And before you ask, yes, this slows crap down. I’ll probably hack together a script that will take the R binaries and other needed upgrades out of Amazon S3 and load them in a bootstrap action which will greatly speed things up. The above example has one clear advantage over loading binaries from S3: It works right now. And remember folks, code that works right now kicks code that “might work someday” right in the balls. And then mocks it while it cries.


  1. Siah says:

    Any chance to see some of your EC2/R codes? I’d love to put some of these fancy elastic codes in my dissertation and dress it up a little!

    These Map/Reduce thing sounds like a great buzz word for my dissertation :)

  2. John Ramey says:


    After reading this post and watching your presentation, my interest in Map/Reduce (M/R) is certainly piqued. A couple of questions:

    1) Have you attempted to use this M/R with R using another infrastructure, say a cluster? If so, does the code stay much the same as your Amazon code?

    2) In the video presentation, you make it clear that the data that you use is “small”. Have you played with any larger data sets using M/R and R? I’m curious if I’d have to use something like the R package bigmatrix in order to deal with this situation on top of M/R.

    Right now I know all the buzz words, but I don’t know what steps to take — I’m kind of overwhelmed with all of the different options for parallel computation in R (e.g. foreach and multicore), so any advice on where the hell I should start would be much appreciated.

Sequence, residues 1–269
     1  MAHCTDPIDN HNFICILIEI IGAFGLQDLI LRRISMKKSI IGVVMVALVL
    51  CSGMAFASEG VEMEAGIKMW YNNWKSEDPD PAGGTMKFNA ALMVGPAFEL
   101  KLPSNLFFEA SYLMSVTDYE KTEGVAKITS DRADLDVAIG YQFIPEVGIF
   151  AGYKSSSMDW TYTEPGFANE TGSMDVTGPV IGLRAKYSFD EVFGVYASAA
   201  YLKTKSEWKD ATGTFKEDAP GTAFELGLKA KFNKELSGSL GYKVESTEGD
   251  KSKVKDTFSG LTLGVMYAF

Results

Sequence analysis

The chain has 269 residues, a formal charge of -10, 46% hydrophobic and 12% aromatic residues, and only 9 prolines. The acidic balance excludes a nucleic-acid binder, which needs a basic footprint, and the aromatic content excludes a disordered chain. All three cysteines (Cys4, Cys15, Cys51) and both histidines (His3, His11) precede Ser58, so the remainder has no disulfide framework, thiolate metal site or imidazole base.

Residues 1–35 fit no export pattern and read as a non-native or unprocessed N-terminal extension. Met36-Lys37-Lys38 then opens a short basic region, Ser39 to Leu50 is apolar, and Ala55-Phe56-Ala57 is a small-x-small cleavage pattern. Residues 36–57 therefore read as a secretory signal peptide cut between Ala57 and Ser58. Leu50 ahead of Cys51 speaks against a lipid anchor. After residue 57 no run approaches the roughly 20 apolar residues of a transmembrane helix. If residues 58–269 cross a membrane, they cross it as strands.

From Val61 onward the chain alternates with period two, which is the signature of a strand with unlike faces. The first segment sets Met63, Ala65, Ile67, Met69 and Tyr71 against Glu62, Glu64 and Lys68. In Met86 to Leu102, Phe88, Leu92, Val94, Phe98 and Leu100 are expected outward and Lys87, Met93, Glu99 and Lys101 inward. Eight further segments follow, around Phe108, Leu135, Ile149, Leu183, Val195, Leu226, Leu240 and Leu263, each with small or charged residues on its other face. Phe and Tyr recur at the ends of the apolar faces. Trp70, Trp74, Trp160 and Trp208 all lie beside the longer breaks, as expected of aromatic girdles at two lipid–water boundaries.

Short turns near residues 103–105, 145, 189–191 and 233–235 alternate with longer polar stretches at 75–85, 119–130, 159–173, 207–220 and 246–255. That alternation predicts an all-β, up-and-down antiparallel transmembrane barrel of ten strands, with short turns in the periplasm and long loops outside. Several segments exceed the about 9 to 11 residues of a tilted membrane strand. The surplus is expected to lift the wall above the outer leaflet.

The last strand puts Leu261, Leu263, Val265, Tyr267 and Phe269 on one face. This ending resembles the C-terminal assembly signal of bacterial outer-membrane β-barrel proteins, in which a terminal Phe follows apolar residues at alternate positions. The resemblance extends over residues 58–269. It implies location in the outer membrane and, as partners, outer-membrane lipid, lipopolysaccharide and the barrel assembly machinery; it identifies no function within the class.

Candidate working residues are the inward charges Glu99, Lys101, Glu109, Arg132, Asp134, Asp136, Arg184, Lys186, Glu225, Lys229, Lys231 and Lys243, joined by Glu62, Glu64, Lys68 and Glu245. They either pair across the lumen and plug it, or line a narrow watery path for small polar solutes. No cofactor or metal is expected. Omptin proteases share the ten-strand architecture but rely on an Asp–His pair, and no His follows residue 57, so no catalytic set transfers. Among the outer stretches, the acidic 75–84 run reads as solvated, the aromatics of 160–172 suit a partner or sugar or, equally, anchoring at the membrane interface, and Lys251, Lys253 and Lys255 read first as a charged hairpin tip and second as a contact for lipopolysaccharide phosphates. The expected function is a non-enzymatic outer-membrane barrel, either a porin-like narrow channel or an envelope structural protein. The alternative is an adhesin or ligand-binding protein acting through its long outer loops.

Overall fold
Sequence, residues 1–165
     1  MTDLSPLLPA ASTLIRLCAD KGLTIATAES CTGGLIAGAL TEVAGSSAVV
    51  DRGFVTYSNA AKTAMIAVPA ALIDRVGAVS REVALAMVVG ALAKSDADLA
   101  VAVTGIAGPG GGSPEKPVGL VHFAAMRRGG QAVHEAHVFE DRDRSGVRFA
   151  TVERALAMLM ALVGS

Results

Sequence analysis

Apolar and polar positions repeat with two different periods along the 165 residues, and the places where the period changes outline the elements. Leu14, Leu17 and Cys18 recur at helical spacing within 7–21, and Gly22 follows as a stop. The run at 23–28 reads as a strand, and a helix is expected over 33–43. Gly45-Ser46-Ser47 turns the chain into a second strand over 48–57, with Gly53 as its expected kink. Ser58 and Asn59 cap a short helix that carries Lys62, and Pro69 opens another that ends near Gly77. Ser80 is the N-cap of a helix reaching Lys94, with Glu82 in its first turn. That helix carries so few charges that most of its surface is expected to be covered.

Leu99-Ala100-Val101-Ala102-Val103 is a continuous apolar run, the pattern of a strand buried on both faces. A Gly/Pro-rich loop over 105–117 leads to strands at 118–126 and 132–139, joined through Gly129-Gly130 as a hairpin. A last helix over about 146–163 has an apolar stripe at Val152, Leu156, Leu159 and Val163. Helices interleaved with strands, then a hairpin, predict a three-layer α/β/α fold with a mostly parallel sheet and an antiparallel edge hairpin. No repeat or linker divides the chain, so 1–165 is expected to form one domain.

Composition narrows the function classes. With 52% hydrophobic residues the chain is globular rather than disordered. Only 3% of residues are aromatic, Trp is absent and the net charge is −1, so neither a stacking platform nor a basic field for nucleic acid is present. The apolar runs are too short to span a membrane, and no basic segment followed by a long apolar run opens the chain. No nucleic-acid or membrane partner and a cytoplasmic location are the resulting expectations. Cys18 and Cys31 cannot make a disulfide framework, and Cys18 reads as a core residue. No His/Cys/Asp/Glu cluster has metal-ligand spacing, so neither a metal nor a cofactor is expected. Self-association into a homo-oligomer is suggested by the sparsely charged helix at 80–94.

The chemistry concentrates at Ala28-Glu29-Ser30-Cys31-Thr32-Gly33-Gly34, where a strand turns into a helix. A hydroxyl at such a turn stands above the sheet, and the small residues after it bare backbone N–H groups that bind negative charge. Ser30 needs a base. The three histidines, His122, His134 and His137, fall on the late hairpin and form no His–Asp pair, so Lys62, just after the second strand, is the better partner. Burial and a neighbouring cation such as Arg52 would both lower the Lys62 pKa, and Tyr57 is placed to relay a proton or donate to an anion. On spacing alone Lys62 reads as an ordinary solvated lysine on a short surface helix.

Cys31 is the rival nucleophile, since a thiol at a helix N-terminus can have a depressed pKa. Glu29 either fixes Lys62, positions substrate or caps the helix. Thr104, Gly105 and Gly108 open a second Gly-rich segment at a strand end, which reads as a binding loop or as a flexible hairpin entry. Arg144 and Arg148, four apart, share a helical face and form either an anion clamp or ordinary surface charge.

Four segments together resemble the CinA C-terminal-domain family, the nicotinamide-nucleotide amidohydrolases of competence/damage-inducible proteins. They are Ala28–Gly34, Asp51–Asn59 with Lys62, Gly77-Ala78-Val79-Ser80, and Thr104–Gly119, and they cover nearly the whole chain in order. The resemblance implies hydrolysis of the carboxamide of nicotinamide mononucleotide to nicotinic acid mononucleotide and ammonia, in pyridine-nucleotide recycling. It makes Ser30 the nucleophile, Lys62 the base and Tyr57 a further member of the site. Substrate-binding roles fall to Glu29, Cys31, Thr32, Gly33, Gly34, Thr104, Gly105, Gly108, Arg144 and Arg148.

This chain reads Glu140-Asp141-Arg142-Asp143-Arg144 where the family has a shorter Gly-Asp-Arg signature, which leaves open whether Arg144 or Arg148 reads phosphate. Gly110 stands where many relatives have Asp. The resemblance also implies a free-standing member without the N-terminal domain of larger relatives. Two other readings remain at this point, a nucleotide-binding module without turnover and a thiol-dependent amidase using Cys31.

3. JD Long says:


    Glad I’ve piqued your interest! Let me see if I can shed some light on your questions:

    1) M/R with other infrastructure: I have not done M/R on infrastructure other than Amazon/Hadoop. I’m interested in investigation other structures but EMR just works so dang well that I’ve not spent any time looking at other options.

    2) Yep, I’ve done a little bit of ‘larger than memory’ work with R. Generally the rule of thumb is ‘big data’ means “more data than will fit on one machine.” I’ve NOT done any work with this amount of data. I just don’t have any petabyte scale problems. Most of the ‘larger than memory’ work I’ve done is the type of thing that can be broken into chunks and analyzed one chunk at a time. For example, if I’m looking at statistical data for the US and my modeling resolution is at the state level then I can read one state worth of data into R, do my analysis, spit out some results and then dump my source data and read in the next state from an external DB.